Tuesday, March 1, 2011

a retrospective on the future

This week wraps up my first quarter of being an adjunct instructor. The past eleven weeks have been an interesting experience to say the least.

Being the one wielding the dry erase pens and flipping through the slideshow is an entirely different experience than sitting slack-jawed and passive, eyes glazed and mind wandering; like I did for the first 25 years of my classroom experiences.

Seeing all these faces ready to soak up knowledge makes me think of myself when I was in college.The first day of classes I was always so on top of things, bright-eyed, ready to listen and learn, fresh pens and notecards at the ready.

Well, alright...maybe not the entire first day...maybe the first half of the day...no...

Okay. Honestly, my inner go-getter was ready to be a go-outsider or go-homer within about the first 15 minutes of each class. Maybe less.

As soon as that slideshow came into focus on the projector screen and the professor began to drone on and on in the way only a teacher can, I was ready to be out of there. Outside. Anywhere.

I'm pretty sure I avoided the freshman fifteen solely by fidgeting.

Graphic Design is my life, I should have been listening, I should have been hanging on every word.

But I wasn't, and I didn't.

I learned only for the tests and put in the minimal effort that I had to in order to get by. Monday at 8 am often found me struggling to complete a project that was due for my 9 am class; a project that we'd had four weeks to finish; a project that I hadn't even started.

So yeah, I get it.

I get that even when you're learning something that you find fascinating, or something that's essential for your career, the shear fact that you're required to be there makes you resist.

That, I understand.

What I never understood before is how amazingly frustrating and awful it can be to watch people who are so talented and so full of potential throw up walls for themselves. There's no way I could have understood what it's like to hear the same excuses over and over again and to know for a fact that they're fiction.

Students who should be flying through this material are never even beginning, or quitting halfway through, or not showing up at all...but don't you worry, they can tell you why:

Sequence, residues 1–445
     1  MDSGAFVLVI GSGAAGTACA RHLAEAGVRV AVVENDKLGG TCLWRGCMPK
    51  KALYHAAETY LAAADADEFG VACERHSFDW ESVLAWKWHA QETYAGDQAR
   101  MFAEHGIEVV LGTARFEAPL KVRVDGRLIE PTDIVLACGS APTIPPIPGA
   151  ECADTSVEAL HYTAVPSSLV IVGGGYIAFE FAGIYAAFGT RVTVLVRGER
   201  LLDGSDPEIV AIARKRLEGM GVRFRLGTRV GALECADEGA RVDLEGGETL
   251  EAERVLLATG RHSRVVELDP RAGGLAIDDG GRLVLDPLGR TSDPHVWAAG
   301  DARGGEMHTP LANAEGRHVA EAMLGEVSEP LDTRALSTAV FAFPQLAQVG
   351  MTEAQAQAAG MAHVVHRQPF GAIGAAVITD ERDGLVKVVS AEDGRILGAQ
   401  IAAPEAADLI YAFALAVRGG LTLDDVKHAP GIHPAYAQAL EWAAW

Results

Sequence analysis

-The weather was bad
-My significant other was sick
-I have kids
-I have pets
-I have that "throat thing"
-My car wouldn't start
-I work two jobs
-My roommate keep me awake


Go ahead, give me a reason, I can guarantee you I've heard it before, I've probably used it myself.

The delightful irony here is that I have to show up for every single scheduled class. Regardless of whether or not my car starts, if I twist my ankle, if someone dies, if I'm sick, if it's -6 degrees, if my other job made me tired or the schedule conflicted, I have to be there. It must be some kind of cosmic punishment for my decades as a world champion slacker.

Not only do I have to be there, but I'm acutely aware of who isn't there. I never expected to care, but I do.

It makes me feel amazing when people who were struggling begin to do better just because they refused to give up

It matters to me who is slipping though the cracks, it matters who is making a conscious decision to fail. Because that's exactly what it is: a choice. If someone had told me that when I was in school, I would have laughed in their face.

I would have said, "What the hell are you talking about?! Of course it's not my choice, it's not my fault, stuff just happens that keeps from getting things done."

But when I look back I see a very different picture. I see my instructors trying to push me in the right direction but never being able to get my full attention or effort applied to anything. I see countless hours of time I spent avoiding work when I could have spent one hour completing it.

I see now that my excuses were my way of saying "I'm not accountable for my own life."

This is not to say that I won't make excuses for things anymore, because I surely will. But now I will be a little more honest with myself about why I'm making them.

So what incredible new insight did I draw from my first 12 weeks?

Simply this:

I should keep teaching. I might learn something.


Cherylann Collins said...

"I should keep teaching. I might learn something."

Awesome post! I especially love that last line.

Your post is a good reminder that we shouldn't be excusing our lives away. Besides, I have realized that some of the things I thought were keeping me back have actually helped me learn and grow more than I otherwise would have.

Anonymous said...

Well said...

I have taught for a while now and I can tell you this:

1. I have learned far more than I could have possibly imagined about myself and my trade through teaching.

2. It doesn't get much easier dealing with the slackers, but the success stories will soon far outweigh them, and sometimes the slackers will come back and shock you with what they did get from you.